Tweet your radiation levels with Scosche's RDTX iPhone dongle
In Japan, it’s probably safe to say there’s a gadget for everything. And given a somewhat disastrous year, safety gadgets are likely getting more popular. Nope, there’s still nothing that can reliably predict an earthquake, but at least careful (and paranoid) Japanese can watch out for errant radiation — using their iPhones.
Two new detectors have just been launched by Scosche, the RDTX and the HRDTX. The RDTX requires no calibration, and measures background radiation. The detectors plugs into an iPhone and feeds its findings to a free companion app, from where you can share your radiation levels on Facebook and Twitter. More useful is Google Maps integration, letting you upload data.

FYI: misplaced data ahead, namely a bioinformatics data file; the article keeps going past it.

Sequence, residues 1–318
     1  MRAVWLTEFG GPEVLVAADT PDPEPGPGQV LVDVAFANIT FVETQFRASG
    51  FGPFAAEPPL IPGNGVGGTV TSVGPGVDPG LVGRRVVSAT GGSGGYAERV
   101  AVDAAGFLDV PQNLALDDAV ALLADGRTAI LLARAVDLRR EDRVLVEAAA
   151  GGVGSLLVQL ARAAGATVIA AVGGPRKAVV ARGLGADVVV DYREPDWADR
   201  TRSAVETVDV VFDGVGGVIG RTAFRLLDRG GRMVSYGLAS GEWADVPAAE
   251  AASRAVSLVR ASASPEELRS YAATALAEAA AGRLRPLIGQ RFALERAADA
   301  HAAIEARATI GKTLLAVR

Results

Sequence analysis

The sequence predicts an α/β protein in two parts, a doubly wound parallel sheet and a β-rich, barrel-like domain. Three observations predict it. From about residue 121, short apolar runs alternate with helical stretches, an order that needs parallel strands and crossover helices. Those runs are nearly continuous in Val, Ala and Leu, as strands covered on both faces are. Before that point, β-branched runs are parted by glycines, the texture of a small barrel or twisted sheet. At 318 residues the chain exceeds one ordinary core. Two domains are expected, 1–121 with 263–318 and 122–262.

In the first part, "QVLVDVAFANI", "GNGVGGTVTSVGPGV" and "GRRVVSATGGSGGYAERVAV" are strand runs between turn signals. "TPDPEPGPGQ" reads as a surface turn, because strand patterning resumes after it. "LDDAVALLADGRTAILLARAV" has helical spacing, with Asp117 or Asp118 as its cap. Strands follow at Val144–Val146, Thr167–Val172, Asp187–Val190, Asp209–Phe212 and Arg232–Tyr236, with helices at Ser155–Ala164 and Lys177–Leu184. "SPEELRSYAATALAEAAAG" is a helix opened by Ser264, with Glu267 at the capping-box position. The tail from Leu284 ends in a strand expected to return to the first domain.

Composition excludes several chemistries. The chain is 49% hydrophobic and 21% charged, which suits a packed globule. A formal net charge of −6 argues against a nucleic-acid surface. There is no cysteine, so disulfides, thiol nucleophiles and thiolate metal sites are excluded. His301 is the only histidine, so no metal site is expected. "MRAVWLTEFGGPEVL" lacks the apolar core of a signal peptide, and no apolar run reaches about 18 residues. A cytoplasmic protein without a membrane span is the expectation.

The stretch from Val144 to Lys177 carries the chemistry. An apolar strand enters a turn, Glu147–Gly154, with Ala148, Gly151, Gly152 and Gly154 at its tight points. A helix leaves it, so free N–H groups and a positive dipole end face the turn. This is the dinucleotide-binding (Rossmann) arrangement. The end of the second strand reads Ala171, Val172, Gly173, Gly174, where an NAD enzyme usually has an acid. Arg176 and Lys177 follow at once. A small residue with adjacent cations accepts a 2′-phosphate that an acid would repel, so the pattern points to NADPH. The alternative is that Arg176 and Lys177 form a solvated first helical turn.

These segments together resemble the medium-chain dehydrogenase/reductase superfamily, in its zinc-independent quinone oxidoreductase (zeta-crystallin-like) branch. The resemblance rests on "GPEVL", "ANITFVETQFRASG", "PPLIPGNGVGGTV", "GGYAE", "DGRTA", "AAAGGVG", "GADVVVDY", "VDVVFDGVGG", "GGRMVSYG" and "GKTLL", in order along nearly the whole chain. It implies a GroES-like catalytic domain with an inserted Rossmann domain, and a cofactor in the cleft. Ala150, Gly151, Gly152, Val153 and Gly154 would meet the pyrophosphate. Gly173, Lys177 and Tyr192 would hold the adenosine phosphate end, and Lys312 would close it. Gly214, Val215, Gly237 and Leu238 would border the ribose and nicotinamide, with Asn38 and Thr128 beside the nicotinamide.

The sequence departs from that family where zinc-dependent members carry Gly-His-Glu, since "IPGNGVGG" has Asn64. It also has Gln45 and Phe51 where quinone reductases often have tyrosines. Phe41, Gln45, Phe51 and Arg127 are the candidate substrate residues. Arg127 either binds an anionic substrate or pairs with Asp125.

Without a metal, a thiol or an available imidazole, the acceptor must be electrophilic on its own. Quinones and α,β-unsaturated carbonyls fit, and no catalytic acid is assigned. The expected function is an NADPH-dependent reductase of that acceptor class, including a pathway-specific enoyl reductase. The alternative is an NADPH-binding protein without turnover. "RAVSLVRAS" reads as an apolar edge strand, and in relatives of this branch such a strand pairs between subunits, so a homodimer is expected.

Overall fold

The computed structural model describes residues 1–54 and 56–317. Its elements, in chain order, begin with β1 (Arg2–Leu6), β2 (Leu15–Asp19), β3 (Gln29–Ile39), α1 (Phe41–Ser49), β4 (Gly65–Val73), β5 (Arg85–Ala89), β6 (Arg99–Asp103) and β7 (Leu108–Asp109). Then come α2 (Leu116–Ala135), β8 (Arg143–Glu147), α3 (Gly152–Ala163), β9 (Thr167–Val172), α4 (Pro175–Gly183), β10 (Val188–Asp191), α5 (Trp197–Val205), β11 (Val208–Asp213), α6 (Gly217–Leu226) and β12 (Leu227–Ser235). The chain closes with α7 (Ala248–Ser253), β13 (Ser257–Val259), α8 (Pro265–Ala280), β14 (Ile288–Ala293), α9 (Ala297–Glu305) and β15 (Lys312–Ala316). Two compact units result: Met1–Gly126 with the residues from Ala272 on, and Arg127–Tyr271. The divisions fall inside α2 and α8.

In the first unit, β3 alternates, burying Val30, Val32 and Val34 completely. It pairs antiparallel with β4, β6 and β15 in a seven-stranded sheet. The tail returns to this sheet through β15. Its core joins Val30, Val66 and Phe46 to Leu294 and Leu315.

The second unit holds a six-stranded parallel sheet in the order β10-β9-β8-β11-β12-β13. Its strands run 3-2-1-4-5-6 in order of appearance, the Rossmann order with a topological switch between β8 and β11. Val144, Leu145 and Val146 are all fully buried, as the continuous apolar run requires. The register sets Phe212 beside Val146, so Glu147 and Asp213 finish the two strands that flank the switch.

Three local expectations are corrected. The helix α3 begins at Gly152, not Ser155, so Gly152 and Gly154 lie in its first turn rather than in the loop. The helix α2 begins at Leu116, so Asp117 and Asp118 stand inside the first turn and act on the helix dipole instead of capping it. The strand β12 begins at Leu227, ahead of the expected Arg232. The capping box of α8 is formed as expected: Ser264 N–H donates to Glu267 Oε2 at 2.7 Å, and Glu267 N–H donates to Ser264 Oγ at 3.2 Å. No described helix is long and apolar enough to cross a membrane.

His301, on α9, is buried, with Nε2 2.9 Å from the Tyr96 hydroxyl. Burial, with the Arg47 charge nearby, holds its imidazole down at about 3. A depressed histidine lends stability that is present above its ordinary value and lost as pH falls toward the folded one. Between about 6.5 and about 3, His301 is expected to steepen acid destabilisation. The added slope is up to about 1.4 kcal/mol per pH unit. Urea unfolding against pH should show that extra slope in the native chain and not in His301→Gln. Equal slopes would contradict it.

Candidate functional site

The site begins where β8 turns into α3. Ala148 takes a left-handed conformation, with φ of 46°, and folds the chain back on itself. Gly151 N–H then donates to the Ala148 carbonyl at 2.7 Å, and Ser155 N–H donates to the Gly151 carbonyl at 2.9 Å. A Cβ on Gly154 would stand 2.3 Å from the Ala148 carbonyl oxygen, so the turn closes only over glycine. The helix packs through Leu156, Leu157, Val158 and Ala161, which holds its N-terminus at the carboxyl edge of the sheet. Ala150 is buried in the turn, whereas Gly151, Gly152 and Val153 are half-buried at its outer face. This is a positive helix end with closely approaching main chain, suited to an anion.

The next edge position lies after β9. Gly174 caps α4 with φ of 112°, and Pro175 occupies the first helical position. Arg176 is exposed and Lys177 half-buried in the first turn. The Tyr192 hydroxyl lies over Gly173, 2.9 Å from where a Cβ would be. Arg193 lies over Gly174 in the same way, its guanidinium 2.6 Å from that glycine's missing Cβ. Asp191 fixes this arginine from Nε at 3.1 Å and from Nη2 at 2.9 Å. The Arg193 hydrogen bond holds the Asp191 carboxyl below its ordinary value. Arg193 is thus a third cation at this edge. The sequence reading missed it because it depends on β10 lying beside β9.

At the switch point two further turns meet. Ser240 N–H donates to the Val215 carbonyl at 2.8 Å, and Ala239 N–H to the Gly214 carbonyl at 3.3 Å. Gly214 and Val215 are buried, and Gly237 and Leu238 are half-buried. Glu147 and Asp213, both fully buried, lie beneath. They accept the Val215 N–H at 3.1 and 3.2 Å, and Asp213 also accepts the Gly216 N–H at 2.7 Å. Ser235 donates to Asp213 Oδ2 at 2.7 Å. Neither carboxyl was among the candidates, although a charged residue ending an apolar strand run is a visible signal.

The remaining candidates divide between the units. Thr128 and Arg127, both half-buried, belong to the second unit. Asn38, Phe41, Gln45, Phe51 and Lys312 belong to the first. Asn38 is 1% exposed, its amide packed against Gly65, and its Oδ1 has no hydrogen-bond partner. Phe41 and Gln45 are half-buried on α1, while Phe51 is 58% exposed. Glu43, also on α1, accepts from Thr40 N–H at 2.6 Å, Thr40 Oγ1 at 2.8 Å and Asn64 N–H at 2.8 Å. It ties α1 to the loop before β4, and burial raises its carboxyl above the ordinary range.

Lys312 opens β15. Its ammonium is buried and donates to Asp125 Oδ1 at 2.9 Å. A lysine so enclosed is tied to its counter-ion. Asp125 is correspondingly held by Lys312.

Less flashy, but more useful, is the HRDTX, a standalone monitor which plugs into a wall outlet like an air-”freshener” or smoke detector. Instead of having to hook it up to a phone to take a reading, it works away in the background, using LEDs and beeps to warn you. Green means safe, yellow (with beeps) means watch out and red (with a screaming 105dB alarm) means PANIC. NOW!
Both units are available in Japan right now. The iOS-friendly RDTX costs ¥2,100 ($27) and the standalone HRDTX will be an as-yet-unannounced amount more.